# How does this scalar transformation law make sense?

A scalar field doesn't transform under a change of co-ordinates. Therefore, a scalar field $$\phi(x)$$ transforms to $$\phi'(y)$$ under the coordinate transformation $$y^{\mu} = x^{\mu} + \epsilon^{\mu}(x)$$, such that $$\phi'(y) = \phi(x)$$. Now, if we define $$\delta \phi(x)$$ to be the difference of the scalar field under the coordinate transformation at the same physical point, clearly $$\delta \phi = 0$$. However, if we define $$\delta\phi$$ as the difference at the same coordinate and not the same physical point, we obtain the following:

$$\phi(x) = \phi(y^{\mu} - \epsilon^{\mu}) =\phi'(y)$$

$$\phi(y^{\mu}) - \epsilon^{\mu} \partial_{\mu}\phi(y) = \phi'(y)$$

Therefore, if we define $$\delta \phi(x) = \phi(x) - \phi'(x)$$, we arrive at $$\delta \phi(x) = \epsilon^{\mu} \partial_{\mu}\phi(x)$$. This is the result I was expecting. however, the lecture notes I'm following gives a completely foreign answer.

"Moreover, the part which contains the first derivatives $$\partial_{\nu}\varepsilon^{\mu}(x)$$ is also severely restricted. For instance, if $$\varphi(x)$$ is a scalar field, and we assume that it transforms undependently on other fields, we can write

$$\delta_\varepsilon \varphi(x)(x) = \varepsilon^{\mu}(x) \partial_{\mu}\varphi(x) + \frac{D}{d} (\partial_{\mu}\varepsilon^{\mu})\varphi(x)$$

where $$d$$ is the dimensionality of the space, and the parameter $$D$$ is related to the dimension of $$\varphi$$. This generalizes to more complicated scalar composite fields $$\mathcal{O}_{\alpha}$$ as follows

$$\delta_{\varepsilon} \mathcal{O}_{\alpha}(x) = \varepsilon^{\mu}(x) \partial_{\mu} \mathcal{O}_{\alpha}(x) + \frac{D^{\beta}_{\alpha}}{d} (\partial_{\mu}\varepsilon^{\mu}) \mathcal{O}_{\beta}(x) \\ + \ terms \ with \ \ \partial_{\nu} \partial_{\lambda} \varepsilon^{\mu}, \ etc.$$"

The transformation law has an additional $$\phi(x)\partial_{\mu}\epsilon^{\mu}$$ term. I just don't see how this term appears.

• what is the source of the instead text? Jul 7, 2022 at 18:58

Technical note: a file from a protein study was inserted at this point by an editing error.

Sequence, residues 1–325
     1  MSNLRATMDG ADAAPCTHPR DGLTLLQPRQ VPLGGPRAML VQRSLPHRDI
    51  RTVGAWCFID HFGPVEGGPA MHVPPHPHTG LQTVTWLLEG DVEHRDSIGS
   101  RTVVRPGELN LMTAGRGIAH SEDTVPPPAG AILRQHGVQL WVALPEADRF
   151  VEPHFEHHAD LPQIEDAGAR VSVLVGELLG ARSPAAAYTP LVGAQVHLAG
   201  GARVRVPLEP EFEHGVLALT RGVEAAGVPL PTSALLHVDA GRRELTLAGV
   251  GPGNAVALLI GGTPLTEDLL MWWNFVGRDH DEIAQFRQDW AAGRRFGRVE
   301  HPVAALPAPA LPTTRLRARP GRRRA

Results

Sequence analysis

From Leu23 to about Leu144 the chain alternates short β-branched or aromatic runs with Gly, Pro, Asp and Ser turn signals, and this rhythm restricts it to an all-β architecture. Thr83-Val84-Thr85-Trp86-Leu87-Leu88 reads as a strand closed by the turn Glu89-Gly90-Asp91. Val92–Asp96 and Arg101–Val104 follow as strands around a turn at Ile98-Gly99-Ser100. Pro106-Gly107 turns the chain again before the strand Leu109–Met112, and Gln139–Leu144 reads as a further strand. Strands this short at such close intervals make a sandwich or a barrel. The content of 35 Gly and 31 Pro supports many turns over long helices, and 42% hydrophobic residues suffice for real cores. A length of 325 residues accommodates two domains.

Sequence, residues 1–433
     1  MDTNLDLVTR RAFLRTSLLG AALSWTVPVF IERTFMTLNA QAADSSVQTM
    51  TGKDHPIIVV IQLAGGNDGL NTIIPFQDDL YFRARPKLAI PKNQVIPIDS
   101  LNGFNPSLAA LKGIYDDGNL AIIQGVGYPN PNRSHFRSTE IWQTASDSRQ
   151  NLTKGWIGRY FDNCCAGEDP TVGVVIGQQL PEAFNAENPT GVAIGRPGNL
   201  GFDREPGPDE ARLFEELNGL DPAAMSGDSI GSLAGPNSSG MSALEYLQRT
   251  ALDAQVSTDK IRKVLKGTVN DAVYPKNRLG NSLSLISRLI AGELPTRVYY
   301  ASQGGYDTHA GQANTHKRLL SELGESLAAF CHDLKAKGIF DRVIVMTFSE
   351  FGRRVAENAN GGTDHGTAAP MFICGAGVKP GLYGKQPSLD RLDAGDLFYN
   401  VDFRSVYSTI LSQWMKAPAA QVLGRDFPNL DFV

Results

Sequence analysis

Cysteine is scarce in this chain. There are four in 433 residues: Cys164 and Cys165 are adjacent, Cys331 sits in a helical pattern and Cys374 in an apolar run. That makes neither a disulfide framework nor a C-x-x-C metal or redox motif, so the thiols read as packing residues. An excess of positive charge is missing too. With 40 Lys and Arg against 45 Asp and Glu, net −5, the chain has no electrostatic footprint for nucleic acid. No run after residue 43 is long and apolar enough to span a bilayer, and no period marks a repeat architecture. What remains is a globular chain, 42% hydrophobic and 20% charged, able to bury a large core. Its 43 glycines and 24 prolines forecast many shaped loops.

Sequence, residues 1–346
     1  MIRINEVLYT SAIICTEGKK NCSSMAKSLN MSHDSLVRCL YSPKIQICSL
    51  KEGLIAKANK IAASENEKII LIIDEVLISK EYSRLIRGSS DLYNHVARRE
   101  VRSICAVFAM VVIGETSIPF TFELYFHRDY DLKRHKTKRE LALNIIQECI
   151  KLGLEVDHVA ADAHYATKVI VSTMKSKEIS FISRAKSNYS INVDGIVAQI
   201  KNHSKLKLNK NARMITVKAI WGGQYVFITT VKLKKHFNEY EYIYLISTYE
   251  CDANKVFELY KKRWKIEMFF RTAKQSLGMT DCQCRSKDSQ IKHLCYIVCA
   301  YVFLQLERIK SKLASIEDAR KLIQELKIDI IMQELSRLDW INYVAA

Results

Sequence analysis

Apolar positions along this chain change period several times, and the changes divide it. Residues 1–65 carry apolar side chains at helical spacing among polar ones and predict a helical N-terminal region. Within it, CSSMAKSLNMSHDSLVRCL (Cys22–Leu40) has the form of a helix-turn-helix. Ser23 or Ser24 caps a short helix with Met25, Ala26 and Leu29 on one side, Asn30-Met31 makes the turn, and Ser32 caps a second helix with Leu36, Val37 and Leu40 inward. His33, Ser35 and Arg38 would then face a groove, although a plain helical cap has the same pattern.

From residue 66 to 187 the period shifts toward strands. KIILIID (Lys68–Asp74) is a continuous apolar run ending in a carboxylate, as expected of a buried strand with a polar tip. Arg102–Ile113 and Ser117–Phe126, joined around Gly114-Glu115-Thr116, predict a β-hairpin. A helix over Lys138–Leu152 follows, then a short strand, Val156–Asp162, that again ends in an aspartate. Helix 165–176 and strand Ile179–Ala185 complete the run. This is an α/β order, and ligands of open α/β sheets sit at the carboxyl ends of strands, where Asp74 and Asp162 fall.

• Lecture notes from one of the QFT courses I took Jul 8, 2022 at 13:09

I guess this is a conformal field theory lecture note. In fact, a scalar field does transform nontrivially under scale transformations, $$x^\mu\rightarrow \lambda x^{\mu}$$. A scalar field is associated with a scaling dimension $$D$$, which characterizes the reaction of the field to the scale transformation, $$\phi'(\lambda x^{\mu}) = \lambda^D \phi(x^{\mu})$$.
In infinitesimal form the scale transformation reads $$\epsilon^{\mu} = \epsilon x^{\mu}$$, and the infinitesimal transformation of the field reads $$\delta_{\epsilon} \phi = \epsilon^{\mu} \partial_\mu \phi + \epsilon D \phi$$. The first term comes from the coordinate change for the scalar field, as what you have shown. The second term is exactly what you are asking for (notice that $$\frac{1}{d}\partial_\mu (\epsilon x^{\mu})=\epsilon$$). More generally, $$\frac{1}{d}\partial_\mu \epsilon^{\mu}$$ gives the local scaling factor of the coordinate transformation, that is, it tells you how much the spacetime volume shrinks/expands locally.
Let me also review a little bit the meaning of the scaling dimension. In a free QFT, the scaling dimension coincides with the apparent dimension using dimensional analysis. For example, in a free massless scalar field theory in $$d$$ dimensions, the scaling dimension of the scalar field is $$D_{\phi} = (d-2)/2$$. One can check that the Lagrangian is invariant under scale transformations with this particular scaling dimension. More generally, if you add some interaction to the free field theory, you may end up with another renormalization group fixed point (such as Wilson-Fisher), where the scalar field takes on another scaling dimension $$D_{\phi} = (d-2)/2 +\gamma$$, where $$\gamma$$ is known as the anomalous dimension that can be computed perturbatively. All these should be familiar in an advanced QFT course. If not, you can read more in Cardy's textbook on statistical mechanics, or any standard textbook of QFT.
• I see, thanks for the answer. But is there a way to show $\delta_{\epsilon} \phi = \epsilon^{\mu} \partial_{\mu} \phi + \frac{1}{d} \partial_{\mu} \epsilon^{\mu} \phi$ mathematically? Or maybe you could direct me to a few resources in which the transformation law is derived. Jul 8, 2022 at 15:12